The Triton

Career

The Agent’s Corner: Headed Down Under? Know the Aussie rules

ADVERTISEMENT

The Agents Corner: by Deb Radtke

This past month I had the opportunity to visit Cairns, Australia. We were hosted by the Superyacht Group Great Barrier Reef. This gave me the opportunity to sit down with Carrie Carter from Carter Marine Agencies and ask some questions about what yachts need to know before going to Australia.

What about visas?

All non-Australian and non-New Zealander crew are required to hold a Subclass 408 Activity Visa prior to the vessel arriving into the first Australian port. These are available online for a 3-month stay without sponsorship. All nationalities can apply, but some may be required to provide additional information. The online application will require you to upload supporting documents: passport, employment contract, etc.  This can be difficult, given vessel satellite connections, so employing a good Australian agent to submit visa applications on your behalf can be a great idea.

For those who need a visa for more than 3 months, sponsorship is required prior to submitting  the individual crew applications. Once again, agents are very familiar with this process, so it pays to engage their help. When applying for stays longer than 3 months, some nationalities will be required to have a chest X-ray and medical – it’s not possible, though, to list which nationalities since each application is judged on its own merits after it has been submitted  and assessed.

What about dogs aboard?

Many owners like to travel with their canine companions. While it is possible to bring your dog into Australia, obtaining an import permit is required because of very strict biosecurity regulations. Dogs arriving on vessels without an import permit run the risk of being sent to Melbourne’s animal quarantine facility at the owner’s expense, being immediately exported from Australia, or being euthanized. Each case is judged on its own merits, but it is highly recommended to get the import permit in advance rather than risk losing a beloved companion.

What about the boat?

Now onto the vessel – what are the requirements for a foreign flagged yacht to cruise in Australian waters? Australian authorities require a minimum of 96 hours’ notice of a vessel’s arrival into the first Australian port. The Australian Border Force requires filing of a Small Craft Report, which includes crew list, alcohol and equipment lists. It is also a declaration of firearms and ammunition.

Biosecurity requires notification of a vessel’s arrival within 12 to 96 hours of arriving into the first Australian port. If a foreign-flagged vessel is only calling through an Australian port or staying for less than one week, they will have the option to remain under Biosecurity surveillance, which means they remain on ‘International’ status and therefore will not be required to strip the vessel of all quarantine risk material.  A quarantine waste disposal will be required on arrival and prior to departure.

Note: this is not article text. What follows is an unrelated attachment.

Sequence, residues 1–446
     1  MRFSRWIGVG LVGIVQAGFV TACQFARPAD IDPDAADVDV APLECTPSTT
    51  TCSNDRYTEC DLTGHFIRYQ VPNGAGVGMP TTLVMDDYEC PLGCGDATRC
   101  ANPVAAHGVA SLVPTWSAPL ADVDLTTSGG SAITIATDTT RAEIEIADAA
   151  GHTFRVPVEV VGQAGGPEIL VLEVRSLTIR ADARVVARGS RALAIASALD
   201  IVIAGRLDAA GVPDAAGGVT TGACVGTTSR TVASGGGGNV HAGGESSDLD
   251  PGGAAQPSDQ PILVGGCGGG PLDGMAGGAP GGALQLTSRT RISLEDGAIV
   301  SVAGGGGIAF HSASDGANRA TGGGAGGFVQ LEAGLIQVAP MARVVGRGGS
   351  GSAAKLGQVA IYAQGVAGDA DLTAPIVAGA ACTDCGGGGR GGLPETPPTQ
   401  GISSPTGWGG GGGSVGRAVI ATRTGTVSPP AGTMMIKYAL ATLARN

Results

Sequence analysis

Alternatively, a vessel can opt for ‘Coastal’ status, which will mean stripping the vessel of all quarantine risk material at the first Australian port. Once a vessel obtains Coastal status, they are free to travel in Australian waters and are not subject to any further Biosecurity intervention.

The Australian Biosecurity website provides a good list of what can and cannot be brought into Australia, or you can contact your agent, who will also provide a list of permissible items.

We appreciate Carrie’s assistance with this information, she can be reached at Carrie@cartermarine.com or by calling +61 0429 391 046.

Capt. Deb Radtke owns American Yacht Agents in Fort Lauderdale (www.americanyachtagents.net). After 16 years of working on yachts, she found her niche shoreside assisting vessels visiting the U.S. East Coast and Great Lakes. Comments are welcome below.

Related Posts...
The Agent's Corner: by Capt. Deb Radtke Who needs a Read more...
The Agent's Corner: by Capt. Deb Radtke Summer always gets Read more...
The Agent's Corner: Deb Radtke Welcome to The Agents Corner, Read more...
Welcome to the first installment of The Agent’s Corner. Local Read more...
By Capt. Debora Radtke There is a misconception among many captains, Read more...

Share This Post

Leave a comment

Your email address will not be published. Required fields are marked *

Please answer the question below to leave a comment. * Time limit is exhausted. Please reload CAPTCHA.

Editor’s Picks

Latest news in the brokerage fleet: Lady Sheridan, Invader for sale

Latest news in the brokerage fleet: Lady Sheridan, Invader for sale

New in the sales fleet M/Y Lady Sheridan, a 190-foot (58m) Abeking & Rasmussen launched in 2007, listed jointly with Burgess and …

From atop a volcano to under the sea in St. Kitts

From atop a volcano to under the sea in St. Kitts

Story and photos by Chef Victoria Allman “Good job!” Hilton barked. Hilton “Like-the-Hotel” was the Rastafarian guide leading …

Chief engineer Jan “Yannie” Nielsen dies in an accident at home

Chief engineer Jan “Yannie” Nielsen dies in an accident at home

Chief Engineer Jan “Yannie” Nielsen died suddenly after he slipped and fell at his home in Honduras on Oct. 2. He was the chief …

Triton Expo 2017

Triton Expo 2017

The Fall Triton Expo brought together more than 750 captains, crew and industry professionals last night to network and meet with 42 …